What is the change? The Home Office has released a new guidance for sponsors highlighting several important changes to Tier 2 rules beginning April 6.

What does the change mean? Changes to the immigration rules are expected to be announced in March and to take effect April 6, including the new immigration skills charge of £1,000 per certificate of sponsorship.

  • Implementation time frame: April 6.
  • Visas/permits affected: Tier 2 (General) and Tier 2 (ICT) categories.
  • Who is affected: All U.K. employers.
  • Business impact: The immigration skills charge will significantly increase costs for U.K. companies using Tier 2 routes.

The sponsor guidance now contains an addendum making clear that the immigration skills charge will come into effect April 6 as anticipated:

  • Immigration Skills Charge. An immigration skills levy must be paid by companies sponsoring Tier 2 (General) and (ICT) workers who are applying outside the U.K., or who are applying from inside the U.K. either to extend their existing visa or to switch from another category. Exceptions include: workers sponsored before April 6 who are applying from inside the U.K. to extend their stay with the same or a different sponsor, Tier 2 (ICT Graduate Trainee), Tier 4 student visa holders switching to a Tier 2 (General) visa, and specified Ph.D. level occupations. The immigration skills charge will be £1,000 per year per migrant for medium and large sponsors (£364 per year per migrant for small sponsors and charitable organizations), and must be paid up-front for the entire duration covered by the certificate of sponsorship at the time the certificate of sponsorship is issued. The levy does not apply to family dependents. The skills charge is in addition to the new apprenticeship levy that will apply to all U.K. employers with an annual salary bill of more than £3 million (and calculated as 0.5 percent of the salary bill in excess of £3 million payable via HM Revenue & Customs). The money from both schemes will be spent by the Department for Education through its Institute for Apprenticeships and other training initiatives.

The sponsor guidance also now announces some other minor changes to the rules for Tier 2 migrants:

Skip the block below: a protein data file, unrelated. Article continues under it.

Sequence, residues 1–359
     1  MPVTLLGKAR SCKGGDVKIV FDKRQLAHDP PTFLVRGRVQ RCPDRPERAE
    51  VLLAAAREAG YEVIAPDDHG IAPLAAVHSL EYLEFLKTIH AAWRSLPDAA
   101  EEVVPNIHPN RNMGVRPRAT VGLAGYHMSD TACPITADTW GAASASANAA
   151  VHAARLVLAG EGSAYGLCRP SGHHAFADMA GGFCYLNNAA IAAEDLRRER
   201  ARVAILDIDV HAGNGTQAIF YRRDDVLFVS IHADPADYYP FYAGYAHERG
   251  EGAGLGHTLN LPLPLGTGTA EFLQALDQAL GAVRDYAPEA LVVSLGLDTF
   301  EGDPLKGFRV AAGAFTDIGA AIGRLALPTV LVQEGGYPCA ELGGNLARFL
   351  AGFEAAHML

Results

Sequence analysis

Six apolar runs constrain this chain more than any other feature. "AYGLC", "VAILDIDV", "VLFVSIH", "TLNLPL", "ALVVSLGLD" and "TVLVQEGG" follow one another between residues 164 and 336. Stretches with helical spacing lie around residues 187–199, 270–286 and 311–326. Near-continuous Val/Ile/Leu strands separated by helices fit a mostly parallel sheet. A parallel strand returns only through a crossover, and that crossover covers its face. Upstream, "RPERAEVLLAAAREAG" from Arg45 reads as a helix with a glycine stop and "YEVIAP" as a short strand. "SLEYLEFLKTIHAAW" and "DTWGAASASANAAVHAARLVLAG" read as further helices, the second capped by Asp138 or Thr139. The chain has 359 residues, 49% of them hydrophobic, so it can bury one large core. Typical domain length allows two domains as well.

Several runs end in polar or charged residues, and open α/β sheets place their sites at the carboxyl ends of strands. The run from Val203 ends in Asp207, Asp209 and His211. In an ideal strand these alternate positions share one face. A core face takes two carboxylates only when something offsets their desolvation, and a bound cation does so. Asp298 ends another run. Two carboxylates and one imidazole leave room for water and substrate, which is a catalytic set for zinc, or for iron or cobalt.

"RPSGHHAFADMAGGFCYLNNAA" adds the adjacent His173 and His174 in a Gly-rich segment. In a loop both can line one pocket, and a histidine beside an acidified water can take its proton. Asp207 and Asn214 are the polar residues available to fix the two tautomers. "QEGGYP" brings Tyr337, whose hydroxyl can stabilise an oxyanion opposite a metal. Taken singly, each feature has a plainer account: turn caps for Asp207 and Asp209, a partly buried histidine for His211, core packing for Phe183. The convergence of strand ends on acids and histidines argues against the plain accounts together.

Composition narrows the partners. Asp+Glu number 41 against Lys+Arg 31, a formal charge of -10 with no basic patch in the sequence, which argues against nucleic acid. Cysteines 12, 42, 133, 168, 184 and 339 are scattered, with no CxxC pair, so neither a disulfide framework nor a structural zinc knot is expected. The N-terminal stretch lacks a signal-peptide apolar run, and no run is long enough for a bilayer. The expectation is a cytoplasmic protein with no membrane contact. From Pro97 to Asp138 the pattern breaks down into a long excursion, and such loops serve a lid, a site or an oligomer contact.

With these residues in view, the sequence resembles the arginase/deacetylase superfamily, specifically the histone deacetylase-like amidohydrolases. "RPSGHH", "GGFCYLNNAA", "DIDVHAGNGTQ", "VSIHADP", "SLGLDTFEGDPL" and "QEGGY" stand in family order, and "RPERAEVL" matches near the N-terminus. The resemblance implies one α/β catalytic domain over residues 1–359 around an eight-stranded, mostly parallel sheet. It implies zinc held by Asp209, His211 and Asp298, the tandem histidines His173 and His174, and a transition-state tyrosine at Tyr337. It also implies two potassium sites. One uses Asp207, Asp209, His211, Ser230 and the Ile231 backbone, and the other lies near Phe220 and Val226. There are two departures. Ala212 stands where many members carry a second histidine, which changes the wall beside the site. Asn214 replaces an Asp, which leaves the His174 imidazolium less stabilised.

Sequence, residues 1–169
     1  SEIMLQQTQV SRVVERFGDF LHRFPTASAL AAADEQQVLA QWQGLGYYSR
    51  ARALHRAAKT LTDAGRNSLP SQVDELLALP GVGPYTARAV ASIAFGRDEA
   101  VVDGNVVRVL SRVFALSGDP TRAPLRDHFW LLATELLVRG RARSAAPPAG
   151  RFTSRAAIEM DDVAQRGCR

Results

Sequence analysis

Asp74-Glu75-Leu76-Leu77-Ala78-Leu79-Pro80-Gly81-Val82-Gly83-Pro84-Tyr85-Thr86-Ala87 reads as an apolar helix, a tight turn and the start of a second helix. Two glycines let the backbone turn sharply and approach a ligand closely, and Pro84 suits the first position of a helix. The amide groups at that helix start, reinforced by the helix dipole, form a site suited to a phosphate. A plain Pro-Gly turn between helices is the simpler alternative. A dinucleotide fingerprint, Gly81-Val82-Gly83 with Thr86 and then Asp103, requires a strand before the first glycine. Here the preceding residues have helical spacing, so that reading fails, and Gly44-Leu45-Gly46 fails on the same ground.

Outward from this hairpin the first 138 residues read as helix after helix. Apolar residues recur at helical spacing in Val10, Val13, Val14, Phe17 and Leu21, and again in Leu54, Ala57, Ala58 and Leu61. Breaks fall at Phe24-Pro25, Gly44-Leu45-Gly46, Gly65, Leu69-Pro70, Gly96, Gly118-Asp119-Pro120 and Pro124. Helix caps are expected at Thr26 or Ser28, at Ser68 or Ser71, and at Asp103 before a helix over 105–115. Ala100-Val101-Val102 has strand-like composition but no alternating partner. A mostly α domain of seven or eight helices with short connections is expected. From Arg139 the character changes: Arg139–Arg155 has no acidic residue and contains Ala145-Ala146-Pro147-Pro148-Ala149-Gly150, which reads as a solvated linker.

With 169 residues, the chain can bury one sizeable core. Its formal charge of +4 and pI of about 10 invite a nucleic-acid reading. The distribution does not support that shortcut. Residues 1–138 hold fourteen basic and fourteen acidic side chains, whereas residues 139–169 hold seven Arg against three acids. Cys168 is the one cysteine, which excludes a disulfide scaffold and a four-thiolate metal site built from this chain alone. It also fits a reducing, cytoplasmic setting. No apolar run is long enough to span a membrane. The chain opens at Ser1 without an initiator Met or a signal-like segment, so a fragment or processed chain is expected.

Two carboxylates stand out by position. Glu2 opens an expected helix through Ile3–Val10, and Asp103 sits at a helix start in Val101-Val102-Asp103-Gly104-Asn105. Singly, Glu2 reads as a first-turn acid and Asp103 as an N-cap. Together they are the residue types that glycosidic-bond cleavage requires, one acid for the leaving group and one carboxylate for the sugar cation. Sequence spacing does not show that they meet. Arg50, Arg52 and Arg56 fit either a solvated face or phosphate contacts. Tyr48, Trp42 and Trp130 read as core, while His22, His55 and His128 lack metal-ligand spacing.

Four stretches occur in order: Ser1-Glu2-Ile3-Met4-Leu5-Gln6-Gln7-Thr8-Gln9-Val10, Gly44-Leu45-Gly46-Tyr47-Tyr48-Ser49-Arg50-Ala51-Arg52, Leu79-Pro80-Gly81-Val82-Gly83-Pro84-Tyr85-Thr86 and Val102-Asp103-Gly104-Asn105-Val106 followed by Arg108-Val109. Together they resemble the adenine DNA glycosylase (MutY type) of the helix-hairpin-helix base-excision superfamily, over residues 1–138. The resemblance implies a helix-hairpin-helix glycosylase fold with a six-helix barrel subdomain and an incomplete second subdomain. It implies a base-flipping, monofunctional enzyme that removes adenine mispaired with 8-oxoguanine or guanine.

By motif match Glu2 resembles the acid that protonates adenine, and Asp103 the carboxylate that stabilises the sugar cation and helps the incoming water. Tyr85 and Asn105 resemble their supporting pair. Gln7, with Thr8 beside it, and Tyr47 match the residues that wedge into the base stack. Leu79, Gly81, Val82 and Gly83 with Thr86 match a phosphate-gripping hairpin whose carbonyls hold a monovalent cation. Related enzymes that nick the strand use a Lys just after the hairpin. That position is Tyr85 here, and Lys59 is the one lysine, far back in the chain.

• Start dates. The guidance now make clear that Tier 2 (General) workers who are issued a visa must start work on the date given on the certificate of sponsorship and cannot delay their start date by more than four weeks. Under the ICT subcategory, the start date may surpass four weeks from the visa issuance date as long as the migrant continues to be paid by the overseas entity.
  • Resident labor market test for shortage occupations. Employers may only assign a certificate of sponsorship for a job on the shortage occupation list if the migrant will work for a minimum of 30 hours per week.
  • Timing of milkround recruitment. When a migrant is recruited via a milkround, the employer must assign the certificate of sponsorship within 48 months of the milkround. For certificates of sponsorship assigned April 6 and later, the migrant must have been offered the job within six months of the end of the milkround campaign.
  • Criminal record certificates. Starting in April, Tier 2 visa applicants must provide criminal record certificates if coming to the U.K. to work in education, health or social care.

BAL Analysis: Employers should budget for the additional Immigration Skills Charge for all transfers and new hires now in the pipeline, as well as prepare for the other changes taking effect in April, which were highlighted last March when they were first announced. BAL will provide further news alerts as soon as the Statement of Changes to the Immigration Rules is available in mid-March and will be discussing the business impact of these changes in our upcoming client webinar.

This alert has been provided by the BAL Global Practice group in the United Kingdom. For additional information, please contact

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